David Simon

David Simon (left) and George Pelecanos (right), on the set of the pilot of HBO's 'The Deuce'.

David Simon, creator of ‘The Wire,’ on porn, politics and policing

David Simon and George Pelecanos on the legacy of ‘The Wire,’ the state of the U.S., and their new HBO series ‘The Deuce’


David Simon: New Orleans is “An American Brigadoon”

That’s what he tells James Poniewozik, anyway. Time will tell whether this comment is all part of his plan to sell the Treme rights to Broadway.*


Finally, an insider’s New Orleans

Award-winning writer Joseph Boyden gets caught up in the magic of the new HBO series ‘Treme’


THE WIRE: Ambition and Limitation

David Simon interviews always have something interesting in them, because the guy doesn’t talk like a Hollywood screenwriter (unlike, say, Alan Ball, who has internalized every cliché that Hollywood types mistake for profundity). His new eight-page interview with Vice Magazine is a particularly good one, containing — in equal measure — insights into why The Wire was so great and why its reputation as the Greatest Achievement In the History Of Anything might be a tad overblown. One moment that provides both insights simultaneously is where he talks about one of the things he did that conventional TV shows don’t do: he would not change his plan for the show in response to the unanticipated success or popularity of a character.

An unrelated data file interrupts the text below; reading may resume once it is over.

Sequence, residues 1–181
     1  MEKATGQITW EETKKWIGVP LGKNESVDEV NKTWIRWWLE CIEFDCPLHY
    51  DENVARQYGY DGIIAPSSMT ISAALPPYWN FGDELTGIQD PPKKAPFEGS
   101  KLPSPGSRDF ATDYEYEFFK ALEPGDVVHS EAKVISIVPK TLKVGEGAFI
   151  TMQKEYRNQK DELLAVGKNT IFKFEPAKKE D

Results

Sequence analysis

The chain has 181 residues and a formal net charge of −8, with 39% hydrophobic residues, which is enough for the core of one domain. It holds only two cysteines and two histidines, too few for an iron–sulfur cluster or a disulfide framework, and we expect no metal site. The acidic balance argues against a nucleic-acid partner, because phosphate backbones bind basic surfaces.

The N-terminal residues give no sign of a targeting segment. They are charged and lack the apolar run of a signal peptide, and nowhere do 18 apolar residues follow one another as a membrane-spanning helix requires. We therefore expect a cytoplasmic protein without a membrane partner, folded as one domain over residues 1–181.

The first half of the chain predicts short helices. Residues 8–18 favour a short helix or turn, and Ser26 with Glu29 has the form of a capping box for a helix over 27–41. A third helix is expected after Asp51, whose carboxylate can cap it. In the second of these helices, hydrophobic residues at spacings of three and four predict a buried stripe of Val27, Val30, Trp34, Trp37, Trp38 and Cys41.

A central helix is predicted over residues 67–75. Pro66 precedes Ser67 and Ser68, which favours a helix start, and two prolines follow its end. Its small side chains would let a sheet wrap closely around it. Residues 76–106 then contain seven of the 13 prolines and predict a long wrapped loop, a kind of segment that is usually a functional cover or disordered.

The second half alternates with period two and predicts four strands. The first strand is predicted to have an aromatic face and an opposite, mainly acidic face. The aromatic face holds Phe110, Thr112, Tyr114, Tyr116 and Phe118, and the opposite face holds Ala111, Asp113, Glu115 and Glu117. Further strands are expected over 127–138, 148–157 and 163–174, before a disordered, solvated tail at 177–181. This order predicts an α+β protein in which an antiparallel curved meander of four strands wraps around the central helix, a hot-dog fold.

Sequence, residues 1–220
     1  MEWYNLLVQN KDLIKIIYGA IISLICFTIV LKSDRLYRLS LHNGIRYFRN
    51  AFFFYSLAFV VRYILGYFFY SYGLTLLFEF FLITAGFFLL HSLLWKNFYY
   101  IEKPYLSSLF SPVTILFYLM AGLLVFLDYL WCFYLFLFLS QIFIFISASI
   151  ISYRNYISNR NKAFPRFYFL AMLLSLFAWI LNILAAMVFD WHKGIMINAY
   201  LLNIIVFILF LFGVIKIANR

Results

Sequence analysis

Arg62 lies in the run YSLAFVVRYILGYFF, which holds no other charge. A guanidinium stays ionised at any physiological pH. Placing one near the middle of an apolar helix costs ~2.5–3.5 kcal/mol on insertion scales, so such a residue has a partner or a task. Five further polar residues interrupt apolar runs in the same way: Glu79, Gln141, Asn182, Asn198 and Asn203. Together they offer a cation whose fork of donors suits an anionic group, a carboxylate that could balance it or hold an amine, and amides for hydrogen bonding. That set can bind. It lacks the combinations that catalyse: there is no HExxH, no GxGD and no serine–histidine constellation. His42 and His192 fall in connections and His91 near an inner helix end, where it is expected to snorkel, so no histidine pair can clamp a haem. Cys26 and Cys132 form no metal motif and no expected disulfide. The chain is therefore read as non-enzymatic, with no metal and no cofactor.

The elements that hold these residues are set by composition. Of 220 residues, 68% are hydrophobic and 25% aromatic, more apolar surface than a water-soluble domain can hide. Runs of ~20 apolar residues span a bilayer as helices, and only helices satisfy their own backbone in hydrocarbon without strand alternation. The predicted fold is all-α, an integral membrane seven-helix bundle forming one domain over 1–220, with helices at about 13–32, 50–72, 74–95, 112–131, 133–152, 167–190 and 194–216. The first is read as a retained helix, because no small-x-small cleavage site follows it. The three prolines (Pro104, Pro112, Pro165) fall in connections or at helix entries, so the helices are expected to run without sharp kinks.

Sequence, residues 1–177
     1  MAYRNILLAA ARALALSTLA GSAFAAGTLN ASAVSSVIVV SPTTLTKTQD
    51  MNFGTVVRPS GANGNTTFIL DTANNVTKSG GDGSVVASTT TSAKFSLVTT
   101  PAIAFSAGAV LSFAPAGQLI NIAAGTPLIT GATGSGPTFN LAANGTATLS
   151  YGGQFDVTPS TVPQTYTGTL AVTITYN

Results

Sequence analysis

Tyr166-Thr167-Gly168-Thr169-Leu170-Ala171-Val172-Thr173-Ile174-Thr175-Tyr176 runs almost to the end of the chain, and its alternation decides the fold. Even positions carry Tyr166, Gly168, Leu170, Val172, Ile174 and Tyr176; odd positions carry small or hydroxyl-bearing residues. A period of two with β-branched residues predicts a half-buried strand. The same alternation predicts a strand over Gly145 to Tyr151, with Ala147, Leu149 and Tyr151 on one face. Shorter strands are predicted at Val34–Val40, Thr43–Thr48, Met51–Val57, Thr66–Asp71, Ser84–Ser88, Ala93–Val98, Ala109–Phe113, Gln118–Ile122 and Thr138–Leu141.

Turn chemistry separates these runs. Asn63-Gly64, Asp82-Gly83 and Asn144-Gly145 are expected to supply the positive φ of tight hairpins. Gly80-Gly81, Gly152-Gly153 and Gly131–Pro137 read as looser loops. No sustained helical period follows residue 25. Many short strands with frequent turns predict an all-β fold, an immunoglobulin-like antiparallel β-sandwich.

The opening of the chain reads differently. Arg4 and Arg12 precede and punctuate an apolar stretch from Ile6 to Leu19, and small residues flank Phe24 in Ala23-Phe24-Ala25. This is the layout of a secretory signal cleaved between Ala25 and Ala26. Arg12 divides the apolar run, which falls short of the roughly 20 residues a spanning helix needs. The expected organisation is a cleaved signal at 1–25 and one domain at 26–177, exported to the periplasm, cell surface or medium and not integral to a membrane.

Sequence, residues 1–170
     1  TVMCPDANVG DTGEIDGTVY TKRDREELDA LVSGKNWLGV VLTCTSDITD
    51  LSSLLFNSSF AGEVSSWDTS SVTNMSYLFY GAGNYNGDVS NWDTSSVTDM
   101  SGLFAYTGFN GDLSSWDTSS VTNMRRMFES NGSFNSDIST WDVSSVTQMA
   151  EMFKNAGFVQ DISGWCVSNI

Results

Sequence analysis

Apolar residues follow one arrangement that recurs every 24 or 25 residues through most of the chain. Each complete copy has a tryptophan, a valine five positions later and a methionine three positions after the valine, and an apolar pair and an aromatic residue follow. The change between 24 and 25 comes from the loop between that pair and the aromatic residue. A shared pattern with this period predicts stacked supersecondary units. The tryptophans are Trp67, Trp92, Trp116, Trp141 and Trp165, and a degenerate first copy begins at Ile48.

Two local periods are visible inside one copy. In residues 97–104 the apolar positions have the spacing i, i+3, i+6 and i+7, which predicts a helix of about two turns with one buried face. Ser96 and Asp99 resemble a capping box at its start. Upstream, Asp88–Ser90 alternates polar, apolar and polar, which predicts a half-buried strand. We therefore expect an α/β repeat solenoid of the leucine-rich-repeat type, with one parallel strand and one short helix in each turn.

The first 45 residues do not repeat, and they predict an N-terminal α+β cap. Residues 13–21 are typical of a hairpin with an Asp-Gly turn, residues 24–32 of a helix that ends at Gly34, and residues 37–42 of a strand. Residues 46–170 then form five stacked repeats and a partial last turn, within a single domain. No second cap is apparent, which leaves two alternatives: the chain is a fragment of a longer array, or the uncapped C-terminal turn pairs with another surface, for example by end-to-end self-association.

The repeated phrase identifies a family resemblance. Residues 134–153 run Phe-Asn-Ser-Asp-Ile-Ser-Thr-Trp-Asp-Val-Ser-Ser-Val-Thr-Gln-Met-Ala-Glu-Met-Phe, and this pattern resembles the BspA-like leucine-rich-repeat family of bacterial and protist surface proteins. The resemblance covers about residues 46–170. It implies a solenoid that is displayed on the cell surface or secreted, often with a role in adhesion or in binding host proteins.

Two TV-Related Articles Worth Reading

1. David Simon, creator of The Wire (aka “TV for people who claim not to own TV sets”) says that television as a medium has “short-changed itself” because of advertising, and that “only when television managed to liberate itself from the economic construct of advertising was there a real emancipation of story.” I pass that along with a certain reluctance, because I think it’s basically poppycock.* The way Simon describes it, it sounds like the equivalent of saying that theatre has short-changed itself by the need to have between one and four intermissions, and not until the intermissionless Man of La Mancha did the art form really liberate itself. It’s an even odder argument in a time when HBO is being outdone by other cable channels that do have commercial interruptions. But Simon made a great show, one that probably couldn’t have been done on a network with advertising, and anything he says is on the subject is of interest. (And having argued that the over-abundance of commercials and the shrinking of running times is really hurting network TV, I’d never argue that commercials can’t have a negative effect on content. They do all the time, not just in terms of the way stories are told but in what advertisers are willing to accept.)